Initiative Aims to Get Panhandlers off the Streets

By Anne Mostue

June 11, 2012

Harvard Square MBTA

Harvard Square, Cambridge. (ArnoldReinhold/Wikimedia)

CAMBRIDGE, Mass. — As the weather warms up and tourists fill the streets, panhandlers appear in droves, asking for spare change at almost every busy square and intersection. The treatment they receive from pedestrians, storeowners and police varies widely, as does their income. Now there's a new effort in Cambridge to get panhandlers off the streets.
Please spare change
Justin Newton divides his time between two trendy and rather affluent areas of Greater Boston: Harvard Square and Newbury Street. He's 31, tall with shaggy red hair and a beard. He's also a panhandler. For up to 8 hours a day he sits or stands with a cardboard sign, usually scrawled with a funny message — for instance, one day in May, "Too Ugly to Sell My Body, Already Sold my Soul. Please Spare Change."
The shelter where Newton usually stays is closed until the fall, he said, so he and friends sleep on the street. You might see them in front of the Coop or in the Pit in Harvard Square. He said on a good day, after about 8 hours, he makes about $75. He spends his money on what he called homeless "gear."
"I’d be lying if I said I wasn’t using some of it to buy, like, pot," he said. "But well, I just bought these two foam mattress pads because my back’s been really bothering me and I needed a better surface to sleep on."
When asked if he'd tried to get a full-time job, he shrugged. "I was looking for work for 2 1/2 years before I became homeless. If I couldn’t find a job when I had a roof over my head, think of how much harder it is to get a job when you don’t have a roof over your head, when your address is a drop-in center," he said.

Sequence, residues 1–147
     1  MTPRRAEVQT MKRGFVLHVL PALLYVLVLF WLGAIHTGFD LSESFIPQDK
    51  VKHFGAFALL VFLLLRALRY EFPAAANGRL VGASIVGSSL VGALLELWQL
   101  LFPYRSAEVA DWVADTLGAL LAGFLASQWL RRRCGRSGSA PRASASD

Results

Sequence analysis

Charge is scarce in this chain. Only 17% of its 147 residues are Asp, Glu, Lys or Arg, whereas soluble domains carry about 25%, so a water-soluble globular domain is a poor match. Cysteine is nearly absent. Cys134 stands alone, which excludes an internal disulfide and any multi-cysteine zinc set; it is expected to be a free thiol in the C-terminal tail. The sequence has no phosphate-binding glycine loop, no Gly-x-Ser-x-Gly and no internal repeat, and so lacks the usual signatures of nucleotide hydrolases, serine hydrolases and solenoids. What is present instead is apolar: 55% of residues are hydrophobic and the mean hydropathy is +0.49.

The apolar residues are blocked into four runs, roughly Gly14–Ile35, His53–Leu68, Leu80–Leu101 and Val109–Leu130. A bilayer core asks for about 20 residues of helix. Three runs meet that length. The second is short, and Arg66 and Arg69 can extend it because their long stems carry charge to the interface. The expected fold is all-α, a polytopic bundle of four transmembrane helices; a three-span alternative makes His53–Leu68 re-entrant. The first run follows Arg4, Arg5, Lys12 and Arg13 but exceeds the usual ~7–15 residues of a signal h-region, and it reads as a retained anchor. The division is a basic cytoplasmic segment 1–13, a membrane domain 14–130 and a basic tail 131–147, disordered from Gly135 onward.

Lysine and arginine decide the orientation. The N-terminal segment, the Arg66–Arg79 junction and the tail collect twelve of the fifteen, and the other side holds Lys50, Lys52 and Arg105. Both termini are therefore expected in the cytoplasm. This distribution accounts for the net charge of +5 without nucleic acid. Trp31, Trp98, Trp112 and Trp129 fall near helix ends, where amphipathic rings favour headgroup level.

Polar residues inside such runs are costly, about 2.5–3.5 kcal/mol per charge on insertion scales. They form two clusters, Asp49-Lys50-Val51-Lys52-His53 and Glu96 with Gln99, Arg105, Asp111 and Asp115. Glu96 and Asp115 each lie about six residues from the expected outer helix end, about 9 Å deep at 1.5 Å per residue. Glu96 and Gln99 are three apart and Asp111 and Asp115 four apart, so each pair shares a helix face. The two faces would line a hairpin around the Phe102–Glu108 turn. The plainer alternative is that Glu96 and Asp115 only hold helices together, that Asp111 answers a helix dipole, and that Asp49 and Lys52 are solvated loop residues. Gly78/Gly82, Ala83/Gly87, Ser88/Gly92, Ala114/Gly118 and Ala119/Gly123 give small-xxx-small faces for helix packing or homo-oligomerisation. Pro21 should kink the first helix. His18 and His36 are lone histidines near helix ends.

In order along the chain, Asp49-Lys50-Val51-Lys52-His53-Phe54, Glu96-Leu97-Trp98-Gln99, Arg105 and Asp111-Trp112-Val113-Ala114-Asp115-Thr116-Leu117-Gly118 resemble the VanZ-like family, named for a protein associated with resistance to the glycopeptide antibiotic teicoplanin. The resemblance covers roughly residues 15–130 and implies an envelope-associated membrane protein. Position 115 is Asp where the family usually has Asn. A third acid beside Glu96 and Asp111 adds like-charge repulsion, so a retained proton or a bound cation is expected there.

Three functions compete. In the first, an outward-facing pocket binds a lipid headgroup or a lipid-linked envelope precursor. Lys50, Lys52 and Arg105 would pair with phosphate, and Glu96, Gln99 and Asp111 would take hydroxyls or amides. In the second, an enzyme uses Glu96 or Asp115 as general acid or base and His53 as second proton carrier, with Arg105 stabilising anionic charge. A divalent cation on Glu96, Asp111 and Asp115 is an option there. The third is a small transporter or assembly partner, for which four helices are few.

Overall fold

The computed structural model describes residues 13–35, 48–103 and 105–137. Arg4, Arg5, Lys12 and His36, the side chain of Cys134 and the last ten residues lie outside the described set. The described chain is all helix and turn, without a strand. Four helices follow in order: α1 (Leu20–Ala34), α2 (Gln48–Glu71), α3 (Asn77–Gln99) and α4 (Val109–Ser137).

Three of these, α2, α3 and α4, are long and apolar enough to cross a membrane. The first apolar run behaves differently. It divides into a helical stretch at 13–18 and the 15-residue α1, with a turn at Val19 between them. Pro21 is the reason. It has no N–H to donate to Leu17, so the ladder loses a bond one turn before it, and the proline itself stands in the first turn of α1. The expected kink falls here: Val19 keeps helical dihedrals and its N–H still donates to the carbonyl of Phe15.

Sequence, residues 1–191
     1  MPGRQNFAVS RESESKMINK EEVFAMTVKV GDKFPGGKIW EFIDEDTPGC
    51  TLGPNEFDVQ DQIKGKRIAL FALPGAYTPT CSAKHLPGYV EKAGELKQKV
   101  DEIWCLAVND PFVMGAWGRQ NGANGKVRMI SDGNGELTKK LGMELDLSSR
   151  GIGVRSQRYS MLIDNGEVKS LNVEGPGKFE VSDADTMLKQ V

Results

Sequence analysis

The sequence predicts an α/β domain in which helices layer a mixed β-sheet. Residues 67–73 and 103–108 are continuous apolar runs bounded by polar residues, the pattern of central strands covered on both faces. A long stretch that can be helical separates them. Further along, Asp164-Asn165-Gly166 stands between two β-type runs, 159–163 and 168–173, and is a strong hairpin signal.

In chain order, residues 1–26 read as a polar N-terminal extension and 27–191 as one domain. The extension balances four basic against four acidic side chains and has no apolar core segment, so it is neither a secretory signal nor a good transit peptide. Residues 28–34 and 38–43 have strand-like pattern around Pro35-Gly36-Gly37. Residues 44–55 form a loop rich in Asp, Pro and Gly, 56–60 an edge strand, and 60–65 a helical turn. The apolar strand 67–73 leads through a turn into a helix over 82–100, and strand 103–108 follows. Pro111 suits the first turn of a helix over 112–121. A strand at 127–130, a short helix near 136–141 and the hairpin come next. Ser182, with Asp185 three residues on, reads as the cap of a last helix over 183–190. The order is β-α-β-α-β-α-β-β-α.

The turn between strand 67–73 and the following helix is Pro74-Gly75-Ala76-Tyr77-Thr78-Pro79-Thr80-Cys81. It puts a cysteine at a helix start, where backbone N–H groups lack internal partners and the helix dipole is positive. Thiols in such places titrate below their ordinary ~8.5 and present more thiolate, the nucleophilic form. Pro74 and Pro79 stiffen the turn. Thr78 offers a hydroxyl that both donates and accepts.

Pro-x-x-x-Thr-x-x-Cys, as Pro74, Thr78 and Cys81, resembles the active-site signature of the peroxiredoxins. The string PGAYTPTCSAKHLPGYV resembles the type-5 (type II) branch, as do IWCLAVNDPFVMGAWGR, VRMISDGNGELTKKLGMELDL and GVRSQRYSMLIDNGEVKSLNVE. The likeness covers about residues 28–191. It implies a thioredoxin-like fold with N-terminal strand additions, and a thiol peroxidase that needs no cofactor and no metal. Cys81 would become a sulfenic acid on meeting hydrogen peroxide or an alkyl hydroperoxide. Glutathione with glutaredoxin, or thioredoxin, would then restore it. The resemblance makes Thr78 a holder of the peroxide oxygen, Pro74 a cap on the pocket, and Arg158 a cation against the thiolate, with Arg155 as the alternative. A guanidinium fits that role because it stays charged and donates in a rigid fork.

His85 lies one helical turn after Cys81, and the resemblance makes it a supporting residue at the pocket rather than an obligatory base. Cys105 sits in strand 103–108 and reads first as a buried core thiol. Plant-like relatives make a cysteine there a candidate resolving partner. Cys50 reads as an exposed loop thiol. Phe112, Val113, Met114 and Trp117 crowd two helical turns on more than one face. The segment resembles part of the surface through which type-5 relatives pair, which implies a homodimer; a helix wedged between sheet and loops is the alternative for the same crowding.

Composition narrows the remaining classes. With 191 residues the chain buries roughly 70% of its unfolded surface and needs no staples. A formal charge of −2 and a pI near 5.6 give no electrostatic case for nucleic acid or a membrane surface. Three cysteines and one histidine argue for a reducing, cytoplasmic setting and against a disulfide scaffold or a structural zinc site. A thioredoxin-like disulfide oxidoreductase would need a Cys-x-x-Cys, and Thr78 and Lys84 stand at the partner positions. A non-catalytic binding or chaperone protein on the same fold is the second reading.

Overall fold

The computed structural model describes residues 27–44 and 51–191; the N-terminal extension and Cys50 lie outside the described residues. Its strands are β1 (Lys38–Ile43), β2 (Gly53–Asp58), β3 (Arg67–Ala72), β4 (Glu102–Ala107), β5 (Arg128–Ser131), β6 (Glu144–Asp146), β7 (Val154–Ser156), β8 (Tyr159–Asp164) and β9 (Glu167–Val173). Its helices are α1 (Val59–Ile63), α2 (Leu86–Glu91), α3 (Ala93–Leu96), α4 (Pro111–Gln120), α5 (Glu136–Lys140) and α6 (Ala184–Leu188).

The scope of the problem
Newton is one of the estimated hundreds of panhandlers in Boston. There's no actual data, and the annual homeless census cannot account for panhandlers. Many of them are just passing through the city. In an informal survey in Harvard Square, those interviewed said they were homeless. On a good day they made about $80, on a bad day about $15. Several said they have caseworkers and collect Supplemental Security Income, the Social Security Adminstration's benefit for people who have disabilities and limited resources. 
But even as panhandlers work solo on the streets, they're organized. In Harvard Square, they stagger themselves. John Casey, 59, said he and his friends met each morning to divvy up territory.
"We talk in the morning and then we just decide where to go," he said. "I got three other friends who are doing it. We meet at Starbucks. We have our coffee then we head out."
What the police think
Panhandling is legal. In fact, it's a First Amendment right. But panhandlers can't follow people, touch them or become verbally abusive. It's a fine line, according to Cambridge Police Commissioner Robert Haas. 
"We have officers that are just dedicated to working with that population," he said. "And our officers are really good at talking to them, setting some boundaries with them, and oddly enough we've been doing this for 2 1/2 years, they follow these rules."
The business perspective
The real tension in Harvard Square is between panhandlers and business owners. Haas said Cambridge police have just started a "homeless ambassador program" to train business owners to interact positively with panhandlers and distribute information on local social service agencies. 
"What's been really successful is we really have struck a fabulous partnership with the business association and social service providers and we're really working closely together," said Haas.
There are efforts to empower panhandlers. For example, for 20 years they've had the option of selling a newspaper called Spare Change News. The police don't take a stance on whether the public should give money to panhandlers; the Harvard Square Business Alliance, however, encourages local residents and tourists to give instead to shelters and other homeless support organizations.

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